This reality has far-reaching consequences. The current reality means there are a significant number of halachically non-Jewish students learning in religious schools and participating in religious youth groups throughout Israel. These children are praying and keeping Shabbat like anyone else, going on to study, serving in the IDF, working and living alongside their halachically Jewish counterparts (our children and grandchildren), and they are inevitably falling in love and marrying them. Yet, the inaccessibility of the Chief Rabbinate’s conversion system is leading those who would be willing to convert halachically to forego conversion, even as they pursue relationships with those who are halachically Jewish – thereby jeopardizing the integrity of halachic Jewish identity. In fact, it is this concern for the long-term stability of Jewish identity, coupled with the serious flaws in the Chief Rabbinate’s conversion system, which has already led to the creation of both the Giyur Kehalacha program, an Israeli-based organization offering conversions outside of the state mandated Chief Rabbinate, and other private Haredi conversion courts.
The proposed legislation will enable the chief rabbis of Israeli cities to set up conversion courts and perform conversions. These city rabbis are scholars of the highest order, who must pass no fewer than eleven rigorous exams in halacha and undergo extensive interviews with three representatives of the Chief Rabbinate before attaining certification. As well, the legislation calls for the formation of a five-person committee, appointed jointly by the Chief Rabbi and the Minister of Religious Affairs, who will determine and enforce the halachic standards the city rabbis must adhere to.
This model is similar to Geirus Protocols and Standards (GPS), the conversion system of the Rabbinical Council of America, which sets halachic standards which are subsequently implemented by recognized regional conversion courts. Furthermore, empowering city rabbis to convert citizens will enable better post-conversion follow-up support, a crucial step to help converts and their families remain engaged with Torah and mitzvot.
These changes in the conversion program are supported by many of the leading rabbinic voices in our community, including Rav Chaim Druckman (head of Yeshivot Bnei Akiva), Rav Re’em Hakohen (Yeshivat Otniel), Rav Yaakov Medan (Yeshivat Har Etzion), Rav David Stav (Chief Rabbi of Shoham, Head of Tzohar), Rav Eliezer Melamed (Yeshivat Har Bracha, author of Pninei Halacha), as well as a number of current judges in the Rabbinate’s conversion court system with whom I have spoken.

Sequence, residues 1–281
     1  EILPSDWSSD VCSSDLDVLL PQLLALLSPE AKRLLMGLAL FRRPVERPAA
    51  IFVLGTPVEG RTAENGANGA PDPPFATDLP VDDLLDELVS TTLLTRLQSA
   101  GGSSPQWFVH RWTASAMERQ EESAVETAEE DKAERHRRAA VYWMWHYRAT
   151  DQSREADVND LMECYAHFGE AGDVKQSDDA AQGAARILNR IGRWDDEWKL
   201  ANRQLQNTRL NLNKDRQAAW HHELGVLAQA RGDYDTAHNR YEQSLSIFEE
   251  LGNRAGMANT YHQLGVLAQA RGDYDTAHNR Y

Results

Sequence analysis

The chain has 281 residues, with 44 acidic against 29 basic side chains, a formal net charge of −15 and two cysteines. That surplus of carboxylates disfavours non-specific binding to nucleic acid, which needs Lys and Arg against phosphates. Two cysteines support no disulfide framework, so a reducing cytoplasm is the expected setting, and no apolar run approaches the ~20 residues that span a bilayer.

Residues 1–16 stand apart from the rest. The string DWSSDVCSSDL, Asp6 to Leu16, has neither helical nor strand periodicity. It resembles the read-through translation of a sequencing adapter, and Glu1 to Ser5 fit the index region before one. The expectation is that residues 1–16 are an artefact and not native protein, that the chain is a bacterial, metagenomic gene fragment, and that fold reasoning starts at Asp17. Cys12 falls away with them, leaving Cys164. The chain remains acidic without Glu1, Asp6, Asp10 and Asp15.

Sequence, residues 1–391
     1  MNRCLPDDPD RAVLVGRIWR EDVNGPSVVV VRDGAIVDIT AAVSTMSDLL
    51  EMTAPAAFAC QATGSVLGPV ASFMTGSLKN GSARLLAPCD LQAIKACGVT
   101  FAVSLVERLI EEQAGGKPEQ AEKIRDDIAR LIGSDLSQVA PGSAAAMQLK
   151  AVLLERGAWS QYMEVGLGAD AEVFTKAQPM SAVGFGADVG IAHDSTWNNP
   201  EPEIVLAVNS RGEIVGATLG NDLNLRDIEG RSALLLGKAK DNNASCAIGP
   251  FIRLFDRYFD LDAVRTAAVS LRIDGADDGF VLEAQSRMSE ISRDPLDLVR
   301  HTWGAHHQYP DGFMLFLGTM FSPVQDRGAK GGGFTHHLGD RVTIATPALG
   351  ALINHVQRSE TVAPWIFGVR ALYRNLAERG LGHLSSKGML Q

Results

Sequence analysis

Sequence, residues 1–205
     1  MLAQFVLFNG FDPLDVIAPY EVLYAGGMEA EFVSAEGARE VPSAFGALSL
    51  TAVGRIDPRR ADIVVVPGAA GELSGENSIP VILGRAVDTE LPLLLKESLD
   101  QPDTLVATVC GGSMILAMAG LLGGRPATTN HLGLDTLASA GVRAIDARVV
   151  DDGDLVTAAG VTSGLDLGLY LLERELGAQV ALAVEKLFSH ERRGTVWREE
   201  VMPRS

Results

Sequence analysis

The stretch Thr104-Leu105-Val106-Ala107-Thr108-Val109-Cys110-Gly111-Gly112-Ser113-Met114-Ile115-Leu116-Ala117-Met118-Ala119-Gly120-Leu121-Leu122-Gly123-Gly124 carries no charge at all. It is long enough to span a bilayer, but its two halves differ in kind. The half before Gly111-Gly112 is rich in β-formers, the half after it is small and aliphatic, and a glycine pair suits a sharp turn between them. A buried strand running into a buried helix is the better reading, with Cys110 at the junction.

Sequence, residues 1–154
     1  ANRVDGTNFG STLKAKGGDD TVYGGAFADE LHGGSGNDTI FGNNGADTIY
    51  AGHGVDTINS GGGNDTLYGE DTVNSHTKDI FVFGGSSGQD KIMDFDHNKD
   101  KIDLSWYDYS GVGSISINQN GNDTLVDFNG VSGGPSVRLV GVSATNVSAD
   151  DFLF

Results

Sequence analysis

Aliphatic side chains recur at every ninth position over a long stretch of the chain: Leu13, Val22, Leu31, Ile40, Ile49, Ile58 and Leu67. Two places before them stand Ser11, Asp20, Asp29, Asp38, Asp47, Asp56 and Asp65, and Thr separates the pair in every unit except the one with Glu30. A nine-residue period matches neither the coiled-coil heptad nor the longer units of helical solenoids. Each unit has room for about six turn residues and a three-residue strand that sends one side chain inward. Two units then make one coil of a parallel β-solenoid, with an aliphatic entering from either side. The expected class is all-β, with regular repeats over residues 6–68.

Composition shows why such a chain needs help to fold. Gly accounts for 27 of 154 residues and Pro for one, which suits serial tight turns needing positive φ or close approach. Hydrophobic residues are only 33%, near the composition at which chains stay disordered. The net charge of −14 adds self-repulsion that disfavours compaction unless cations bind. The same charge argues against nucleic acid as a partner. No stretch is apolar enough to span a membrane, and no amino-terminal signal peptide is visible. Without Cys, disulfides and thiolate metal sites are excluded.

Any significant change to how we approach our most precious religious institutions requires the utmost sensitivity. Those advocating for these modifications to the kashrut and conversion systems in Israel have the deepest respect for our tradition and for the preservation of Jewish identity based on halacha. There is no attempt to water down halachic standards; on the contrary, the new systems will improve halachic observance, while encouraging institutional efficiency and transparency. Rather than undermining the authority of the Chief Rabbinate, as many have falsely charged, the legislation enhances the position of the Chief Rabbinate, shifting its focus away from bureaucratic concerns to setting and enforcing halachic standards for others to follow.
For the sake of the Torah and Am Yisrael, we should firmly embrace these reforms and do all that we can to support their implementation.
Rabbi Dr. Kenneth Brander is the President and Rosh Hayeshiva of Ohr Torah Stone, a Modern Orthodox network of 30 educational and social institutions and programs transforming Jewish life, learning and leadership worldwide.

Read this oped on the Jerusalem Post website